She was offered two other high-profile American fashion TV-hosting gigs. But “[Das Perfekte Model] was the show she thought she was ready for,” says Bart. That it would air out of the country was appealing—like previewing a play in New Haven. Also the Germans gave her a large degree of creative control. “I don’t want to be mean” to the contestants, says Kurkova, who shares mentoring duties on the show with locally famous German model Eva Padberg.
“It is a fight every day,” says one of the show’s producers, rather exasperatedly. “How do we structure a program where I need drama and she wants to care for the girls?” The team came up with a brilliant solution: provide Kurkova with a midget translator sidekick. “Then everybody would see Karolina and Eva and the midget and say, ‘Two models and a half!’ People would talk about that.”
Kurkova put her foot down, the producer says with a sigh. “It’s still a good idea.”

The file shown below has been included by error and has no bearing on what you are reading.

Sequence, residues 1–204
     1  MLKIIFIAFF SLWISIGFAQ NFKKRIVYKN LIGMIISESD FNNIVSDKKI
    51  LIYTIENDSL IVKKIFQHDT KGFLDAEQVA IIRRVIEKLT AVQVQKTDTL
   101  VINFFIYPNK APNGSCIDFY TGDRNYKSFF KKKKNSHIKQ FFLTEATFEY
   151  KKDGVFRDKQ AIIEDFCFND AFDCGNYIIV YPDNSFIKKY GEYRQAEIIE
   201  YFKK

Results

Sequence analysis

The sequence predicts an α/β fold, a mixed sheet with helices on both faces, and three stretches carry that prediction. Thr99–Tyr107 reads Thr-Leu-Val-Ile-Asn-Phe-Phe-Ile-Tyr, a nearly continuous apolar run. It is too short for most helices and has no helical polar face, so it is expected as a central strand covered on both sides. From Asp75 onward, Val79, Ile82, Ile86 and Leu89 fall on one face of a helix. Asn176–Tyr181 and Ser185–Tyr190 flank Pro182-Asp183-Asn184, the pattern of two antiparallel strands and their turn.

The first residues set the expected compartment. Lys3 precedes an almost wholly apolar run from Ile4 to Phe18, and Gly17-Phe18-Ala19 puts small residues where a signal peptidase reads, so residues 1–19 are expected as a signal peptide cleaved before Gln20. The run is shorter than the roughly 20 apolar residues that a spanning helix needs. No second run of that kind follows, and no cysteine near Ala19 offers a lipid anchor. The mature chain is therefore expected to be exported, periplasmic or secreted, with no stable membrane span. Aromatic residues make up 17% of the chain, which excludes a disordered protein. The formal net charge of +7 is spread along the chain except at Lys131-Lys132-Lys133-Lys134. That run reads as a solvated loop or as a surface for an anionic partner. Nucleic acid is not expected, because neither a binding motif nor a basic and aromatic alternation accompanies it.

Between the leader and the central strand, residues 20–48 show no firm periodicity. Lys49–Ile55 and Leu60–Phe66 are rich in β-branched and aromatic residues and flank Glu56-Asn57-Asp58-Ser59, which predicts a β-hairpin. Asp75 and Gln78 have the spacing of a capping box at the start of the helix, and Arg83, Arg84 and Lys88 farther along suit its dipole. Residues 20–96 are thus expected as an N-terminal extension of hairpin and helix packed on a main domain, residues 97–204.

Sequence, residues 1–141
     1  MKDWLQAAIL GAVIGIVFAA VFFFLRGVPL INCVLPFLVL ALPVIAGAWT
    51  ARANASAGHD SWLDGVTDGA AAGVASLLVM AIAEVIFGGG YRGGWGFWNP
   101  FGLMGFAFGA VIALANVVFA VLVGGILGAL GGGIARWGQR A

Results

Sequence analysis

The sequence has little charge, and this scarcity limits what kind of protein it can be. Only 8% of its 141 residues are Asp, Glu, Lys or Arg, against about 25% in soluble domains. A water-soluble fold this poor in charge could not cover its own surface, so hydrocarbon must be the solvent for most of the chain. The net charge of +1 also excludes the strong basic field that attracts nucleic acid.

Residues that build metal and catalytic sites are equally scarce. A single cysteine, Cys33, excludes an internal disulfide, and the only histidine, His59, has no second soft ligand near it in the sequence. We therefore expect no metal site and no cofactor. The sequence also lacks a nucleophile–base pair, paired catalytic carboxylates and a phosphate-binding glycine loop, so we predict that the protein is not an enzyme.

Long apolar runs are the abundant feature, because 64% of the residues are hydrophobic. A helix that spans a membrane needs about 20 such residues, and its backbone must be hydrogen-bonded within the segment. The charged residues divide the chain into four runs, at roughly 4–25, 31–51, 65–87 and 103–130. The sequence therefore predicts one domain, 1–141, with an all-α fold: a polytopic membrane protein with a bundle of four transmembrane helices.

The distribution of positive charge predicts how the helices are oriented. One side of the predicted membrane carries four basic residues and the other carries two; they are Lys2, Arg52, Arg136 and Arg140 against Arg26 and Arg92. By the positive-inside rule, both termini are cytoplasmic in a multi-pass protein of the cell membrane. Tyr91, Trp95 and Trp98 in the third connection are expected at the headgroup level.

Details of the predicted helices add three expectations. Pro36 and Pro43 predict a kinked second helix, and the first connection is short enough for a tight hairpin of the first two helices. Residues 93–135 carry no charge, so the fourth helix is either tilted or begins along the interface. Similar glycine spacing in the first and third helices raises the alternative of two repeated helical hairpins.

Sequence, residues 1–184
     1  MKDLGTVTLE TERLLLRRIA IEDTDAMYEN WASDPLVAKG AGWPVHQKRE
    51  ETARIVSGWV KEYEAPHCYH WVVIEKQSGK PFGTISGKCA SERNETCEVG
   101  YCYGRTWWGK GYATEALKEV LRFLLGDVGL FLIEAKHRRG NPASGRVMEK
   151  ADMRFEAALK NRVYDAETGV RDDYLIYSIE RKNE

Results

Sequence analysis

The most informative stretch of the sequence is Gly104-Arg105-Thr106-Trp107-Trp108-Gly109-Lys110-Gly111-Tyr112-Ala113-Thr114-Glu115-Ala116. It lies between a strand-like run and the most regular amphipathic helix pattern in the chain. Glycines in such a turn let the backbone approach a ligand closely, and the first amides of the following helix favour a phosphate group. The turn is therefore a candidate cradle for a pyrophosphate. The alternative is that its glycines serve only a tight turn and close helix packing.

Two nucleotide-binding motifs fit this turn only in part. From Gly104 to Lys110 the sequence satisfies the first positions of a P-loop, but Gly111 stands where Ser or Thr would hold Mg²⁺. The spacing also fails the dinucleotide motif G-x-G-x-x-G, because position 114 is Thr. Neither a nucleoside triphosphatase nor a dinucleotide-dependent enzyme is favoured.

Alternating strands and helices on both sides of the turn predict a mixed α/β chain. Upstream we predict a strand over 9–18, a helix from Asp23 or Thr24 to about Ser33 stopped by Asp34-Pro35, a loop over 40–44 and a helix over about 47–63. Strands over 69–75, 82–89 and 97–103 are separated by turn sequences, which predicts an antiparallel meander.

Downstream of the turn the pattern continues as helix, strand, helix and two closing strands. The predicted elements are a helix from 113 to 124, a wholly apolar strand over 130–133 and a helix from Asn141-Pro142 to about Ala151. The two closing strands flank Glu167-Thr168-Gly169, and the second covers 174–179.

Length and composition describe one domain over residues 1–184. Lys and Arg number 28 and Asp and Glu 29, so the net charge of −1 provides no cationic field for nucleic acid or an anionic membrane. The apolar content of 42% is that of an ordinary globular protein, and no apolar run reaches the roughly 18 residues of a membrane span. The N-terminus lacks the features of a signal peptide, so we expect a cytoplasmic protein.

Angela Lindvall’s 9-year-old son, Dakota, pulls out a massive hand-drawn map of his home and surroundings in Topanga Canyon, California. It stretches to the farthest reaches of his temporal understanding, which is as far as he and his 6-year-old brother, Sebastian, have wandered, which was far enough to get very, very lost with a friend and never get invited to have play time with him again. Dakota’s rendering of the seven-acre refuge his mother has carved out for them in this insular community near Los Angeles has a similar feel to the maps of Middle-Earth, albeit with more misspelled words. This is fitting, given just how removed their utopian existence is from the fashion world in which his mother makes her living—and because he and Sebastian are currently building Gondor out of Legos in the back room.